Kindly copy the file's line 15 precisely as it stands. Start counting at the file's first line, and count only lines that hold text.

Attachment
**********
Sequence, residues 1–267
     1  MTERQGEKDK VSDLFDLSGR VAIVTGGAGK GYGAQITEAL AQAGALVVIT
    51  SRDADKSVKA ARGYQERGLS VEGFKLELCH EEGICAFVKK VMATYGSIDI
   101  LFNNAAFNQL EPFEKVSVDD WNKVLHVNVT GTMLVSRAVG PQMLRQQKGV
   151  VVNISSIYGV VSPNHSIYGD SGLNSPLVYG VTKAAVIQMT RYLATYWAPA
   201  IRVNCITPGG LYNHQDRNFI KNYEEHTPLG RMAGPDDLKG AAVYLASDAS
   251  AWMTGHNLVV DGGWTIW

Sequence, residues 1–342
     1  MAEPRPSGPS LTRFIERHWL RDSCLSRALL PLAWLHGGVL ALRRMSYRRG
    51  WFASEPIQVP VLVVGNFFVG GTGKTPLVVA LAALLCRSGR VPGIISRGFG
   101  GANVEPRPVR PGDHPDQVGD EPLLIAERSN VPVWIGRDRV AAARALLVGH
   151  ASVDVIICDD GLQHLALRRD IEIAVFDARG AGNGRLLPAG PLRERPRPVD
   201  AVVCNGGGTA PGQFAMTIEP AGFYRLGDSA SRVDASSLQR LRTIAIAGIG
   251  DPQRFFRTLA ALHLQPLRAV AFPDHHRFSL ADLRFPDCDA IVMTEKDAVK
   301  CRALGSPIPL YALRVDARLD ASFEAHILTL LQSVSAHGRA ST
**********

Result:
   301  CRALGSPIPL YALRVDARLD ASFEAHILTL LQSVSAHGRA ST